The First Minister will address Holyrood this afternoon to confirm whether or not classrooms will open on February 22, as had previously been planned.

    Ms Sturgeon said yesterday that she was “very, very, very keen to go ahead" with the reopening following a dramatic fall in cases in Scotland.

  • Dan Keane

    BRITS TO WAIT UNTIL SEPTEMBER FOR REOPENING OF GIGS

    BRITS will have to wait until at least September before they can flock back to nightclubs, gigs, cinemas, and theatres, a minister suggested today.

    Vaccines minister Nadhim Zahawi hinted venues that will need to mass test visitors won't be allowed to reopen until almost all the population is vaccinated.

    And he said when that is done it will combine with testing technology, which is "getting better and better", to help unlock all the economy.

    Thousands of clubs and theatres across Britain have been unable to reopen since last March, and many are facing financial ruin.

  • Dan Keane

    ZAHAWI APOLOGISES FOR JAB CONFUSION

    The vaccines minister has apologised for "any confusion" over when asthma sufferers can expect to be offered a coronavirus jab.

    Mr Zahawi told ITV's Good Morning Britain: "In category four, those with serious, extremely vulnerable cases of asthma would have been given the first dose in category four.

    "Now in category six, if they have oral steroids, then they are in category six.

    "The Joint Committee on Vaccination and Immunisation looked at the evidence and that's what we are guided by.

    "I apologise if there was any confusion, I certainly don't want to have any confusion at all."

  • Dan Keane

    WILLIAMSON LAUNCHES PLAN TO 'PROTECT FREE SPEECH' AT UNIS

    Gavin Williamson has launched a plan to "protect free speech" on university campuses.

    The Education Secretary today announced a number of proposals aimed at bolstering academic freedom in England, including the appointment of a "free speech champion" to look into instances of 'no-platforming'.

    The Office for Students (OfS) regulator will also be able to impose fines on institutions should they breach the conditions.

    Mr Williamson, who has faced criticism for his handling of exams and the reopening of schools during the pandemic, said he was "deeply worried" about the "chilling effect on campuses of unacceptable silencing and censoring".

  • Dan Keane

    'SPREAD DEVOLUTION TO SAVE UNION', URGES TORY PEER

    A Tory peer has called for an enhanced devolution council to counter the growth of Scottish nationalism.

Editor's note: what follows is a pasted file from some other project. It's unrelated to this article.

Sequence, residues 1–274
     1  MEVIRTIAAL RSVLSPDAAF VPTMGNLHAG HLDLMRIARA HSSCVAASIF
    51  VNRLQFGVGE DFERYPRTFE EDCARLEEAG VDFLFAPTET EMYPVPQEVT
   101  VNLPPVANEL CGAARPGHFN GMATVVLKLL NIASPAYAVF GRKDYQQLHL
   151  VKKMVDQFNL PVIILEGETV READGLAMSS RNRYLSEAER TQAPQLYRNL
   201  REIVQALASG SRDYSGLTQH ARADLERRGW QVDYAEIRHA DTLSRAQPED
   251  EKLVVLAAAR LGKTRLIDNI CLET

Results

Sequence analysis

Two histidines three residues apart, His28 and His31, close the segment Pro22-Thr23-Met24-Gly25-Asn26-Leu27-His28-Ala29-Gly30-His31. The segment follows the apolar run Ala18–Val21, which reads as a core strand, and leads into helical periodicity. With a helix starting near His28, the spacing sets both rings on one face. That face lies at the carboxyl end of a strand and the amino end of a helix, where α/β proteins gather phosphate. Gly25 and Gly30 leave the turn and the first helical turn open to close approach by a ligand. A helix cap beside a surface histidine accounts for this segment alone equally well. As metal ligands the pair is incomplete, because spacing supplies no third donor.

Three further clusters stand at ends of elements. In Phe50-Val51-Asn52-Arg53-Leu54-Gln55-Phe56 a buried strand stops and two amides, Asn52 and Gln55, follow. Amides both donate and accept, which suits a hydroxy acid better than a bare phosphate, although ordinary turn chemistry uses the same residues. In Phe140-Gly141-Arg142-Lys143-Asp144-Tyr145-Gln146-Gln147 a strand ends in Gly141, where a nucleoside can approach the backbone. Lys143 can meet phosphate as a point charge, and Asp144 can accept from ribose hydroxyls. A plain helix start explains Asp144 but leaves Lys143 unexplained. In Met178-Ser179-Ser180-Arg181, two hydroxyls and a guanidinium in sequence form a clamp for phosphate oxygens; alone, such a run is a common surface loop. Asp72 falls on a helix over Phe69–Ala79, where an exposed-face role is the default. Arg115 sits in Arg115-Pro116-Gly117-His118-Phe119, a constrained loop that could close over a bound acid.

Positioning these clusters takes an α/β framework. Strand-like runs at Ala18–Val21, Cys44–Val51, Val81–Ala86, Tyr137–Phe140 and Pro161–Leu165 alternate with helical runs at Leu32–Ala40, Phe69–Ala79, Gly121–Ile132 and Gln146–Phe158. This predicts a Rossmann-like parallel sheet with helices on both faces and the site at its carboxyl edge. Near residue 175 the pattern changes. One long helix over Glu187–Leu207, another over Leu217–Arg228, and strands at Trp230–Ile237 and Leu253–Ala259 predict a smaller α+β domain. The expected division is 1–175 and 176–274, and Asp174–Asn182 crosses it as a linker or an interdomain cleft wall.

Lord Dunlop, who was a Scotland Office minister from 2015 until 2017, writes in The Times that "the UK must continue to look and feel like a shared endeavour".

    He added: "Growing regional economies in England will provide growing markets for Scottish, Welsh and Northern Ireland businesses.

    "If we are able to create alternative regional magnets for economic activity to match the power of London and the southeast then we all benefit."

  • Dan Keane

    UK NEEDS COMPETITION RULES FOR THE DIGITAL AGE, SAYS MP

    A Tory MP has called for a new Competition Act to make the UK's competition law fit to serve in the digital age.

    John Penrose, MP for Weston, Worle and the Villages, said that new regulations could "update and modernise our institutions for the new digital economy".

    His report, published on Tuesday, also recommended that the Competition and Markets Authority (CMA) should work out a way that lets customers easily compare the "price" of free online services.

    Many digital companies, such as Google and Facebook, do not charge customers for many of their services. Instead they harvest customers' data, giving them insights which allows adverts to be targeted with precision.

    The "CMA must consider how to improve transparency of the price consumers are paying through their data for digital goods and services, so they can make informed choices about whether each one represents good value or not, and whether they wish to switch to others which might be better," the report said.

  • Dan Keane

    LGBT VETERANS CAN APPLY TO RECLAIM LOST MEDALS, SAYS MOD

    Former military members who were dismissed from service because of their sexuality are now able to reclaim lost medals.

    The Ministry of Defence (MoD) said it wanted to address a "historical wrong" with the launch of the scheme.

    Gay people were not allowed to serve in the military until a rule change in 2000.

  • Dan Keane

    EU COUNCIL PRESIDENT WELCOMES PANDEMIC TREATY

    European Council President Charles Michel has welcomed the support of Boris Johnson to work together on a pandemic treaty.

    "I welcome the support of Boris Johnson to work together on a pandemic treaty in order to improve global preparedness, resilience and recovery", Michel said in a tweet.